This is a sponsored column by attorneys John Berry and Kimberly Berry of Berry & Berry, PLLC, an employment and labor law firm located in Northern Virginia that specializes in federal employee, security clearance, retirement and private sector employee matters.
By John V. Berry, Esq.
At Berry & Berry, we represent many federal employees in the workplace, including defending federal employees against proposed disciplinary actions. Despite the common belief that it’s hard to discipline or terminate a federal employee, federal employees do face discipline and termination.
We have summarized below some of the most frequent issues that federal employees encounter and provide some general tips regarding how to avoid these potential problems:
Don’t surf the internet at work for personal use. While many federal agencies are somewhat relaxed in their enforcement of internet policies, it’s important to avoid using the internet for personal use while at work. We have represented many federal employees who are investigated for either inappropriate use of the internet (accessing inappropriate sites) or for too much personal internet use.
Often, we defend federal employees who have used the internet to watch Netflix, check their banking accounts or purchase items on eBay. Keep in mind that, if an agency wants, it can check the websites a government employee has been accessing and determine the amount of internet usage.
Don’t use government email for personal use. Always use your personal email account for personal email correspondence. We have represented a number of federal employees who have been proposed for discipline due to misuse of their official government email account. Sometimes the federal employee’s issues involve using government email for personal use or sending inappropriate correspondence or photos. In addition, avoid using famous quotations or sayings, like inserting a famous quotation below your signature block, when corresponding using your government email account.
Don’t use government credit cards for personal use. We have represented many federal employees who have mistakenly or innocently used their government credit card for personal charges. Not only are many federal employees disciplined or terminated for such misuse, but they can also be forced to repay the funds inappropriately charged to their government credit card. Even if policies on credit card usage are not apparently enforced, do not use a government credit card for personal use under any circumstances.
Do properly account for time at work. We often handle issues involving a federal employee leaving early or arriving to work late — even by 15 or 20 minutes — and without adjusting his or her time records accordingly. The federal employee then gets paid for a full work day. Generally, this is not an issue until a personality conflict arises, which causes scrutiny or an investigation. However, when a time issue does arise, it can result in a time and attendance disciplinary case, along with forced repayment of funds to the government.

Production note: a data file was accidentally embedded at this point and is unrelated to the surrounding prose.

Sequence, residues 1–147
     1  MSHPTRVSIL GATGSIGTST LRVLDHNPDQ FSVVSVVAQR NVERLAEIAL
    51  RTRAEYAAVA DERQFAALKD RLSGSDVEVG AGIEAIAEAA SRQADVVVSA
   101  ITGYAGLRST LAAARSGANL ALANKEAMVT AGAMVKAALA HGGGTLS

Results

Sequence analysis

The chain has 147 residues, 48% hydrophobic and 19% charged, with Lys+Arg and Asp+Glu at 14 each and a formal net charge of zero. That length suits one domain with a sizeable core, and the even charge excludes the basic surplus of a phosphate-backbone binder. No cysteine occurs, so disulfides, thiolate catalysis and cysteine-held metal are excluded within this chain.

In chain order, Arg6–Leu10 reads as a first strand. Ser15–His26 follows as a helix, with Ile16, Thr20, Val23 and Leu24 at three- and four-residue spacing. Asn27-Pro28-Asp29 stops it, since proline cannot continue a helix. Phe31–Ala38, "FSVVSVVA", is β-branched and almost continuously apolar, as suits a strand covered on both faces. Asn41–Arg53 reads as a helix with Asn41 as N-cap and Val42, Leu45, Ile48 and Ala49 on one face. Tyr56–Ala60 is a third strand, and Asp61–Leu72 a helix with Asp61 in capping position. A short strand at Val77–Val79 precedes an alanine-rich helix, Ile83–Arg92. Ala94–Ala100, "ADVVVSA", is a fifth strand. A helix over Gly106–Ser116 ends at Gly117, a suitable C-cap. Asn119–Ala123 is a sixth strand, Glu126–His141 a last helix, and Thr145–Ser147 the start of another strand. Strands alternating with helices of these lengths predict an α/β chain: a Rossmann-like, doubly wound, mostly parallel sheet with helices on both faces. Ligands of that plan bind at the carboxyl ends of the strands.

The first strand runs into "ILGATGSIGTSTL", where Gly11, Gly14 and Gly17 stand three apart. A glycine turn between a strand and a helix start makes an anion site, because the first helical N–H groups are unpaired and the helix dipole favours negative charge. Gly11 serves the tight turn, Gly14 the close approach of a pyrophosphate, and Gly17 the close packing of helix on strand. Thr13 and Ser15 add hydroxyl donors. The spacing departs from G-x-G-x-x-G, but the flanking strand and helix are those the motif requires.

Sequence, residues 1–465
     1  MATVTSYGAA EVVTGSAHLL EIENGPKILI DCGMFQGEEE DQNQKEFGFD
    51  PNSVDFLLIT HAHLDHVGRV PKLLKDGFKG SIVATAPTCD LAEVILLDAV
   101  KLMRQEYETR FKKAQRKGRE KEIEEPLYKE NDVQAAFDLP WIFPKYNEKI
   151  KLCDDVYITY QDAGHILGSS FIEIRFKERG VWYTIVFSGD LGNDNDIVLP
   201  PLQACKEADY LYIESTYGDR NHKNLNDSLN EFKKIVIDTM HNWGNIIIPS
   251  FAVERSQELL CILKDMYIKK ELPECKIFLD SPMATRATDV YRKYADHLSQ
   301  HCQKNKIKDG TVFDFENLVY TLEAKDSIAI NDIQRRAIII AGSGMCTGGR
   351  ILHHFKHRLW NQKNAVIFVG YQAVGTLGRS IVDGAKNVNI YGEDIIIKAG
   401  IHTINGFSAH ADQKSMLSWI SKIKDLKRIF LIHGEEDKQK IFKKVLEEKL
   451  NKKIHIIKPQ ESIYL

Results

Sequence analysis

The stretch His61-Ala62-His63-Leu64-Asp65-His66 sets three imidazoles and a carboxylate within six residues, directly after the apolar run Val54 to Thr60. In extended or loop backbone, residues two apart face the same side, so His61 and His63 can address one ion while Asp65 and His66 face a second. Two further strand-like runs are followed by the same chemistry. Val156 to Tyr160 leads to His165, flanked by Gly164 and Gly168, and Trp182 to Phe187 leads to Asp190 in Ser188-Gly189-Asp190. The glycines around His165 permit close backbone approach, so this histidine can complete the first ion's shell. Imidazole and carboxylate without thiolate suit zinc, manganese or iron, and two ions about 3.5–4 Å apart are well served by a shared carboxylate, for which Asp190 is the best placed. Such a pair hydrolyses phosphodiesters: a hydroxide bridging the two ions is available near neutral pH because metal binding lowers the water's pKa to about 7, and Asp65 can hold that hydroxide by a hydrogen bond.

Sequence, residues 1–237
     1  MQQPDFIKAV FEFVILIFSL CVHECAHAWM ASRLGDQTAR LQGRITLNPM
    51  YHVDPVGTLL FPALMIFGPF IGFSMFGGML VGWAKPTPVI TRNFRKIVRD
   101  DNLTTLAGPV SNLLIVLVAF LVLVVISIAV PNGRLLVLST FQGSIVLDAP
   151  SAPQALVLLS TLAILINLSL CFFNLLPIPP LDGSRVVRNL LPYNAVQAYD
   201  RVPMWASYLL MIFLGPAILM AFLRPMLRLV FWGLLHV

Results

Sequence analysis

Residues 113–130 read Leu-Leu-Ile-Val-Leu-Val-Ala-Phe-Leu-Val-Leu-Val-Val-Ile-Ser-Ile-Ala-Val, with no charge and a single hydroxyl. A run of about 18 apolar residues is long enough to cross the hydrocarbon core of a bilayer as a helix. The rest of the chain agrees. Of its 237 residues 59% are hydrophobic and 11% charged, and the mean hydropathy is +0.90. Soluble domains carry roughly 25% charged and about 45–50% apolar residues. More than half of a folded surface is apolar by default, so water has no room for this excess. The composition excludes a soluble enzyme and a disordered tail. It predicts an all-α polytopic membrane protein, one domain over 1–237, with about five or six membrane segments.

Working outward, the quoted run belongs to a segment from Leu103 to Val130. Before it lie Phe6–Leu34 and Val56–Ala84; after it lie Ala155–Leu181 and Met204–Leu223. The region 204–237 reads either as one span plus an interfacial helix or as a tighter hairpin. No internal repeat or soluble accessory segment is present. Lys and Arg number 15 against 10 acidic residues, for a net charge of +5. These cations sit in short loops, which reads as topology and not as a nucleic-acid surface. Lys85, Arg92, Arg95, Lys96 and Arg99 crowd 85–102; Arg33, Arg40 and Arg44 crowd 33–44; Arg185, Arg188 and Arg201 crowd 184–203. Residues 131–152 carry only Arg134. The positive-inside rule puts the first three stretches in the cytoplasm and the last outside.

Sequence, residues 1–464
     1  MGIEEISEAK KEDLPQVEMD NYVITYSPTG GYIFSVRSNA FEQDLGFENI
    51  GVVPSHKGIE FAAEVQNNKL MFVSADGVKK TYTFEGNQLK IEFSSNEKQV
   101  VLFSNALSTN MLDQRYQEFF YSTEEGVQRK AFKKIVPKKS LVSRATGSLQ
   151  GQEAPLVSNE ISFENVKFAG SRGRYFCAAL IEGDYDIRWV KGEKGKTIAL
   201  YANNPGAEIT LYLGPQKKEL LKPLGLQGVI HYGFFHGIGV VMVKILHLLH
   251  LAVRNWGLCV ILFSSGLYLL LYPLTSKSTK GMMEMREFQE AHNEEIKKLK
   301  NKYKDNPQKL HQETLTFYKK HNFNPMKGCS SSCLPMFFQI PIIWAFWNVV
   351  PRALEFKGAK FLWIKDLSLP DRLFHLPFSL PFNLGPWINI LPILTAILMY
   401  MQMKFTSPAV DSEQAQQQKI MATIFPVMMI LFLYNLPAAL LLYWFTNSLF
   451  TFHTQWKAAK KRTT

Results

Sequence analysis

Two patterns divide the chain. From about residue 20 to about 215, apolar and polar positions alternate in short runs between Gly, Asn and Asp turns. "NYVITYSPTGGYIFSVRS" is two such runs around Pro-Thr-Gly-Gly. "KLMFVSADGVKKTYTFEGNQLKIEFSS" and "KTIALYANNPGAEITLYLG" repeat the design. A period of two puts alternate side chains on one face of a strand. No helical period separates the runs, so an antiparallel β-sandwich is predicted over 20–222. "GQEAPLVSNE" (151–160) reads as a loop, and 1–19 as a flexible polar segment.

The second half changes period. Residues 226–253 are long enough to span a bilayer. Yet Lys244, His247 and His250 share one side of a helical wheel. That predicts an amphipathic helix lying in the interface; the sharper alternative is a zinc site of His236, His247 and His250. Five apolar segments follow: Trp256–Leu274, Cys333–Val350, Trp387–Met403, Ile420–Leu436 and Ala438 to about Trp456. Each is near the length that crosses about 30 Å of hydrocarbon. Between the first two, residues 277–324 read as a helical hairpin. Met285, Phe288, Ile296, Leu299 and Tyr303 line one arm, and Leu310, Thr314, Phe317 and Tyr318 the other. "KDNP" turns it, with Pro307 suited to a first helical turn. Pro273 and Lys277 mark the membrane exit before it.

Do take performance improvement plans seriously. Most performance improvement plans (PIPs) are designed by federal agencies to facilitate the termination of an employee, rather than to help the employee improve work performance. A PIP is almost always used by management to demonstrate the government’s interest or steps it has taken to help an employee improve his or her performance. However, this is typically not the case. A PIP is almost always a pre-planned attempt to terminate a federal employee despite assertions to the contrary.
Do avoid disagreements with supervisors. Arguments between a supervisor and his or her subordinate often leads to the supervisor disliking the subordinate, which may cause the supervisor to thereafter scrutinize the employee for any potential misconduct. If there are any such arguments, it’s wise to attempt to resolve any personality or other conflicts before they develop into a future misconduct or performance case.
While many of these tips may seem like common sense, many federal employees become less cautious in the workplace when federal agencies don’t enforce the rules involving time and attendance, and internet, personal email and credit card use. However, violations are typically investigated when a supervisor has a disagreement with or dislikes a subordinate. Hence, it is always best to err on the side of caution and observe the above tips in the federal workplace.
Our law firm represents and advises employees on security clearance matters nationwide. If you need legal assistance, please contact our office at 703-668-0070 or at www.berrylegal.com to schedule a consultation.
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